How the UK's credit agency will help turn us into an exporting superpower (Institute of Export Magazine)
UK Export Finance, voted the Best Export Credit Agency in the world year after year, is now more important than ever. Post-Brexit, we are embarking on the most ambitious trade policy of any Western economy in recent times, aiming to expand the reach of UK PLC far beyond current levels. UKEF, working with the Department for International Trade, is vital to achieve this ambition to transform the UK into an exporting superpower.
UKEF is a resounding success story. The world’s first export credit agency, established in 1919, it continues to be a model for other entities around the world. It’s mission is to ensure that no viable UK export fails for lack of finance or insurance from the private sector, thereby working in tandem (not against) the private sector. Amazingly, it operates at no net cost to the taxpayer, making it very distinct from overseas development aid. UKEF can be likened to a leading private sector bank with the mighty balance sheet of the Treasury behind it.
UKEF runs a plethora of products under three categories: helping UK exporters win contracts through loans and guarantees to foreign buyers; providing finance for UK exporters to ensure they can fulfil orders; and ensuring UK exporters get paid for their contracts. In 2019-20, UKEF provided £4.4bn of support to help 339 exporters sell to 69 countries, supporting an estimated 47,000 jobs. The vast majority of exporters benefitting from UKEF are SME’s, most of whom are outside London. This highlights the crucial role UKEF is playing in the ‘levelling-up’ agenda.
UKEF’s balance sheet of £50bn leaves enormous liquidity for UK exporters to tap into. Indeed, the risk appetite for Uganda and Rwanda (two of my markets as Prime Minister’s Trade Envoy) has expanded immeasurably since I took on the role in 2016. Five years ago UKEF was willing to support only £100m for financing of projects in these countries; this limit has now been raised to £2.5bn for each country.
UKEF has been the backbone of my strategy for expanding UK trade in Uganda and Rwanda. One example is a £185m loan for the construction of an industrial park in Uganda, a resounding success which is supporting 200,000 local jobs. This has brought in significant business for the UK, with UK firms leading in areas such as design and construction amounting to roughly 40% of the project. UKEF financing has often been the deciding factor when I have encouraged buyers to purchase from the UK in sectors ranging from agriculture, oil & gas, infrastructure, aviation and more. And, of course, financing covers UK services and intangibles as well as goods. For all these projects, UKEF’s turnaround time has been exceptional. The Chief Executive, Louis Taylor, sets the example by running a well-organised, streamlined and highly effective team around the world.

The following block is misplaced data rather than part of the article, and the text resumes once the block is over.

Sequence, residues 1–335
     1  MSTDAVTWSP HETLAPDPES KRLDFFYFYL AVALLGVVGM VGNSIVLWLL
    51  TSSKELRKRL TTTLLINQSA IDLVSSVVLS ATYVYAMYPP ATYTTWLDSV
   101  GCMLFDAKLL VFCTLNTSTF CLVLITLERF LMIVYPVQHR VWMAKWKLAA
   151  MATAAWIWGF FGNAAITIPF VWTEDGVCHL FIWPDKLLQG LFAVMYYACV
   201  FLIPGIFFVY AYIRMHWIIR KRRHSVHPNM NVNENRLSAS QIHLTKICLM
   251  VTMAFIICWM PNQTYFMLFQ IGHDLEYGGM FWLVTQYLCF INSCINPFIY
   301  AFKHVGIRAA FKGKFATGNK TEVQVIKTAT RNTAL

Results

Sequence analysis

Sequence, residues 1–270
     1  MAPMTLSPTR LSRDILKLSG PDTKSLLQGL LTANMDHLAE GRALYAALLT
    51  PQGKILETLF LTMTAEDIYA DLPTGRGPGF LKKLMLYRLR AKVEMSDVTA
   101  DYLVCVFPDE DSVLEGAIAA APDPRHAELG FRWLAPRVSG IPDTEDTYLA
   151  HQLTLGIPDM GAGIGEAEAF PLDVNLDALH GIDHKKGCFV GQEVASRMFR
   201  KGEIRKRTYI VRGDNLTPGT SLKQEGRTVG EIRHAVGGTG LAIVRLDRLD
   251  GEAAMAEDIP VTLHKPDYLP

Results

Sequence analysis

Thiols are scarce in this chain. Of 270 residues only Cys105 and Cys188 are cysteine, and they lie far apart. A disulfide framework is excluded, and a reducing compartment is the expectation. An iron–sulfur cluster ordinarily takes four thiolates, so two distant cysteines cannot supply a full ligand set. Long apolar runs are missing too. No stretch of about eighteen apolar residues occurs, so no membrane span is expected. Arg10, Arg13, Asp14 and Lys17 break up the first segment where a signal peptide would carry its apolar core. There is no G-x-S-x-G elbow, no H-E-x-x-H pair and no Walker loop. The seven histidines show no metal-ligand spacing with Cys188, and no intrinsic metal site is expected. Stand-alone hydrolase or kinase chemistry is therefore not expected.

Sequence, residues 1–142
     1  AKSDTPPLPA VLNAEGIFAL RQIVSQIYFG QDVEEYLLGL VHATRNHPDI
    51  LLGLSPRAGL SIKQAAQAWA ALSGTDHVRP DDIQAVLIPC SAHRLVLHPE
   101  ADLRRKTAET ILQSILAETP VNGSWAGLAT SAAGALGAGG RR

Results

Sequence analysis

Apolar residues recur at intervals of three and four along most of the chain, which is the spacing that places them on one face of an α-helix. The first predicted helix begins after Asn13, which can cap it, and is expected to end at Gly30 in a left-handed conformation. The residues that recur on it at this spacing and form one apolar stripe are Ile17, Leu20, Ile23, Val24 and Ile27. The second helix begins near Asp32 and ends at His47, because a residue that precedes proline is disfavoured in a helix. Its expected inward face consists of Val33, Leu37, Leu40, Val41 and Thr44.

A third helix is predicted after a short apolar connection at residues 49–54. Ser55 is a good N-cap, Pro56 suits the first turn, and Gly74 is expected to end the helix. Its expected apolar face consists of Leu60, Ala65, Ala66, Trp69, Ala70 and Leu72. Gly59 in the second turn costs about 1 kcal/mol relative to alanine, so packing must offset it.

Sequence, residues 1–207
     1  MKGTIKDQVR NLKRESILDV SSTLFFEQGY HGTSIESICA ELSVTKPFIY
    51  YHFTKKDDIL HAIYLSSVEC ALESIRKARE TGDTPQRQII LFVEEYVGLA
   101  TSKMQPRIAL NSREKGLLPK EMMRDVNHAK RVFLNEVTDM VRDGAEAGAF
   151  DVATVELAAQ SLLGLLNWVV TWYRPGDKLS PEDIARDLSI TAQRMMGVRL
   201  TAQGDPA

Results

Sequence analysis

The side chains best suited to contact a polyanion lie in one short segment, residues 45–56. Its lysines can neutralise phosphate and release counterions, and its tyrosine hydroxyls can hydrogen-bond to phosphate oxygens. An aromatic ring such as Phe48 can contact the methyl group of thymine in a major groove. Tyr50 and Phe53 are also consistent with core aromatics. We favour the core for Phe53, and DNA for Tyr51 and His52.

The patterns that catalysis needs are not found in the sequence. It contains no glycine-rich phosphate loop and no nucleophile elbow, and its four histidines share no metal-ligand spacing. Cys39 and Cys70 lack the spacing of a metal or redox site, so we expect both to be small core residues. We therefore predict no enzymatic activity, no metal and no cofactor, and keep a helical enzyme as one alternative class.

Going forward, UKEF is expanding and innovating to support UK exporters more fully. There are currently 16 UKEF Regional Heads around the globe who are specialists in the capital markets in their regions, readily identifying potential projects. This is soon to be expanded to 30 Regional Heads, covering nearly all areas of the globe. Local currency financing is now available in 60 currencies, predominantly in Africa, to make financing more attractive to buyers by reducing foreign exchange volatility risk. UKEF is also devoting resources to renewable energy with a recently announced £2bn facility for green projects. Moreover, its spending capability is rapidly expanding, with a 32% boost in the last government spending review.
My strong advice for any UK firm considering exporting is to use UKEF’s capabilities. Their easy-to-navigate website provides all the information you need and can put you in touch with expert advice very quickly. They have been an absolutely essential part of my role as a Trade Envoy. I hope to see our UK firms tapping into UKEF to make us the exporting giant we must be.